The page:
Aikido arson (2)This is a briefcase that you can see on the lower left in the picture above. The pattern of melting indicates that the fire was hotter in front of it (note especially the bubbling on the handle), and we can also see that the glass panels are broken here. This area is where I believe the fire started.

Aikido arson (3)These tyre tracks were left when the fire department moved the car out of the way, and there is a similar mark where the car was parked in the alley. One of the car’s tyres was on fire, but was not completely burnt when the fire was extinguished. When the car was then moved, only one section of the tyre would leave a significant sooty mark. This to me was a little odd. If a car is sets alight accidentally, it (presumably) starts in the engine (through a battery short) or the fuel tank, leading to a huge fire. If a car is deliberately torched by setting one of the tyres alight, the temperature would not be high enough to do all the damage we can see. Perhaps the fire simply spread to one of the tyres, though without the car it’s impossible to say. There was quite a bit of safety glass strewn around the area (so something was hot enough to break the car windows), but no large soot marks on the surrounding walls indicating a major fire.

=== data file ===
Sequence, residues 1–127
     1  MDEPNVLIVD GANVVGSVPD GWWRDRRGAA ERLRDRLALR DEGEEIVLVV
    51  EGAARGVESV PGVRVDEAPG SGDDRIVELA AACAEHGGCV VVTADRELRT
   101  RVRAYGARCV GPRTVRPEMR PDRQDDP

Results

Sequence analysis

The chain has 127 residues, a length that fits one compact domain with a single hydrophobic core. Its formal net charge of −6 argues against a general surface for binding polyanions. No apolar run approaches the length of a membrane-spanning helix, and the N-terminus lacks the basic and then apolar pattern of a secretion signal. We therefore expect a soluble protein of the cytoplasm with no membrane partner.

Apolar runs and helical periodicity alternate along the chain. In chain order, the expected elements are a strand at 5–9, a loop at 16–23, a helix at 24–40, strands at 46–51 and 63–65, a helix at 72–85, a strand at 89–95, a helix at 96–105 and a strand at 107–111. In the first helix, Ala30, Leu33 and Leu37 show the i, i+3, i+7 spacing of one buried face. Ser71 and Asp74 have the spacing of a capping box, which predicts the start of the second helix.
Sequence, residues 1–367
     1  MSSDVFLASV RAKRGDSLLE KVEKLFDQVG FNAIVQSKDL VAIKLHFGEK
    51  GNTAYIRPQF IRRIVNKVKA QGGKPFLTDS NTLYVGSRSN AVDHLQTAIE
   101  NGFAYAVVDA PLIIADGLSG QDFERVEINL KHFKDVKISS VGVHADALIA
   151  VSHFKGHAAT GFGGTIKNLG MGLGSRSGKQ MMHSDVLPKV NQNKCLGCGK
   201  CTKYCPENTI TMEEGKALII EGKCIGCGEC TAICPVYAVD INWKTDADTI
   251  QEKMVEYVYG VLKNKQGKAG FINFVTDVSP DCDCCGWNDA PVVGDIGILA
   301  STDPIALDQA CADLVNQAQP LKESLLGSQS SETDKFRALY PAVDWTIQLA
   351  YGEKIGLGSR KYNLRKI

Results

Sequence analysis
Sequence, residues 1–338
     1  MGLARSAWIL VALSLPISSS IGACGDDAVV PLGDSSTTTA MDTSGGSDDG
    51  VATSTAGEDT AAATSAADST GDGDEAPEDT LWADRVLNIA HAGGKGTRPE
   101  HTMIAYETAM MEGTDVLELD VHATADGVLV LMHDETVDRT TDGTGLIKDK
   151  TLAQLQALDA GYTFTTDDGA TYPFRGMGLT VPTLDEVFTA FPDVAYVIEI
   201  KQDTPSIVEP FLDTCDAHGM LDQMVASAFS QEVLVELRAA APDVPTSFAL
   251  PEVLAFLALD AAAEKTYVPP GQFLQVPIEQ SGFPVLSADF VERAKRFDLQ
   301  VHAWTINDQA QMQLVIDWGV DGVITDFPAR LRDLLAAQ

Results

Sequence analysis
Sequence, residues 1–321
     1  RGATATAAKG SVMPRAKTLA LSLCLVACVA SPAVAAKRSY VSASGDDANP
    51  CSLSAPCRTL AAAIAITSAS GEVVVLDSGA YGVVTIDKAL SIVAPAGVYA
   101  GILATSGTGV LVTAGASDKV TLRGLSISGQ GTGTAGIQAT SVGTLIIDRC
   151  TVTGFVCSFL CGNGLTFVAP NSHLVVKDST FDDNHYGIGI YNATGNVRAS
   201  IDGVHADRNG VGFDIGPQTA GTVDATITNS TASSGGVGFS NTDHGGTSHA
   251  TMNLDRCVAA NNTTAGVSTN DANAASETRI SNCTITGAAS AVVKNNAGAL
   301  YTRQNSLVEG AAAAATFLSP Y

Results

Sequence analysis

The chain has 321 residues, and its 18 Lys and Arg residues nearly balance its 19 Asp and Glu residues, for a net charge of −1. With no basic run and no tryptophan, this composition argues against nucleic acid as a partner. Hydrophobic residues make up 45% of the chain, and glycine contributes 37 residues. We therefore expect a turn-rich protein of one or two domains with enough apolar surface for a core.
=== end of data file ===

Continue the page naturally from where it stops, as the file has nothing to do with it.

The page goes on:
Aikido arson (4)A close-up of some of the books on the stairs behind the doorway. Note the patten of charring, especially the bubbling on the picture frame and the pristine nature of the rolled poster. There was another stack of books closer to the fire than this one (you can see them in the other photos), so only those directly exposed were charred.

Aikido arson (5)A close-up of the concrete sill just underneath the briefcase. This break is new, and may have occurred when the fire was put out – but the concrete would probably have cracked with the heat from the fire. Note also the soot collecting under the sill and on the left corner, and the hole in the front veneer. This may indicate that the sea of the fire was pretty much there, though without the car it’s difficult to say for sure.

Aikido arson (6)Finally, an angle standing on the right-hand side of the doorway. From here, we can see the books, briefcase and concrete sill break, and also a metal gate. This was once mounted just in front of the briefcase, and the fire department moved it over during the fire-fighting activities. Note the scorch marks on the near side of the gate, indicating that the fire was hottest in that direction (i.e. right on the left-hand side of the door frame). There is also a blob of melted roof plastic on the top of the gate that’s a little hard to see in this shot. Note especially the completely undamaged plastic chairs on the left and lack of soot on the walls, indicating ether a very small and hot fire or some object inbetween the fire and the chairs (i.e. the car).

Those are my limited and inexperienced observations. Any further theories? Note: I do not think that North Korea was involved.